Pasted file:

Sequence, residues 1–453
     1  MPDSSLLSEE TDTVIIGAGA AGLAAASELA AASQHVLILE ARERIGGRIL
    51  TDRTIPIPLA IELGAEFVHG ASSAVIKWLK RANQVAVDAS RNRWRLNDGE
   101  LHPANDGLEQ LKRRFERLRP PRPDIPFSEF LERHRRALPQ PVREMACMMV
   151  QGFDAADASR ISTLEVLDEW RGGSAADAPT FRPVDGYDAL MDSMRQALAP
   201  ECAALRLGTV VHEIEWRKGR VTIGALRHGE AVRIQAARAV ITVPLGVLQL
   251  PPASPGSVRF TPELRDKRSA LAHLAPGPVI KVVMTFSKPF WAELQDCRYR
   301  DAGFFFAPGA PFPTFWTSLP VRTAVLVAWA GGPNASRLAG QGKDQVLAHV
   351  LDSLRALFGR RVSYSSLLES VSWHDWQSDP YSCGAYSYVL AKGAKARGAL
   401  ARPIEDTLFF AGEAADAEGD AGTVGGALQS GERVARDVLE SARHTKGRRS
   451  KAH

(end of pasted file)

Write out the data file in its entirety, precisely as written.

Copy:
Sequence, residues 1–453
     1  MPDSSLLSEE TDTVIIGAGA AGLAAASELA AASQHVLILE ARERIGGRIL
    51  TDRTIPIPLA IELGAEFVHG ASSAVIKWLK RANQVAVDAS RNRWRLNDGE
   101  LHPANDGLEQ LKRRFERLRP PRPDIPFSEF LERHRRALPQ PVREMACMMV
   151  QGFDAADASR ISTLEVLDEW RGGSAADAPT FRPVDGYDAL MDSMRQALAP
   201  ECAALRLGTV VHEIEWRKGR VTIGALRHGE AVRIQAARAV ITVPLGVLQL
   251  PPASPGSVRF TPELRDKRSA LAHLAPGPVI KVVMTFSKPF WAELQDCRYR
   301  DAGFFFAPGA PFPTFWTSLP VRTAVLVAWA GGPNASRLAG QGKDQVLAHV
   351  LDSLRALFGR RVSYSSLLES VSWHDWQSDP YSCGAYSYVL AKGAKARGAL
   401  ARPIEDTLFF AGEAADAEGD AGTVGGALQS GERVARDVLE SARHTKGRRS
   451  KAH